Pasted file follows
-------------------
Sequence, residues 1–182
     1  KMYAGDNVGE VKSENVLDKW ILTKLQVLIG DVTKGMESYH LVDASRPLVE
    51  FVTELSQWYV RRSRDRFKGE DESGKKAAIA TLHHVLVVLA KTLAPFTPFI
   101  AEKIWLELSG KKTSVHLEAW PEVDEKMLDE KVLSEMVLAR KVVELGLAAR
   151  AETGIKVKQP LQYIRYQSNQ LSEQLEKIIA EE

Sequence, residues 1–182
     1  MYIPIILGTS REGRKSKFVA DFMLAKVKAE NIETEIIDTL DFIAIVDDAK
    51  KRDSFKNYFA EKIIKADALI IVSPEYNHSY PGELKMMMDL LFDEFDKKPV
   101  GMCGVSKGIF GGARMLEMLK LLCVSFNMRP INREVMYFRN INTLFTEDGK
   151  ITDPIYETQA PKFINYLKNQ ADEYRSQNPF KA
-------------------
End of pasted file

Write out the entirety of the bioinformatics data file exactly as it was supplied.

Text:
Sequence, residues 1–182
     1  KMYAGDNVGE VKSENVLDKW ILTKLQVLIG DVTKGMESYH LVDASRPLVE
    51  FVTELSQWYV RRSRDRFKGE DESGKKAAIA TLHHVLVVLA KTLAPFTPFI
   101  AEKIWLELSG KKTSVHLEAW PEVDEKMLDE KVLSEMVLAR KVVELGLAAR
   151  AETGIKVKQP LQYIRYQSNQ LSEQLEKIIA EE

Sequence, residues 1–182
     1  MYIPIILGTS REGRKSKFVA DFMLAKVKAE NIETEIIDTL DFIAIVDDAK
    51  KRDSFKNYFA EKIIKADALI IVSPEYNHSY PGELKMMMDL LFDEFDKKPV
   101  GMCGVSKGIF GGARMLEMLK LLCVSFNMRP INREVMYFRN INTLFTEDGK
   151  ITDPIYETQA PKFINYLKNQ ADEYRSQNPF KA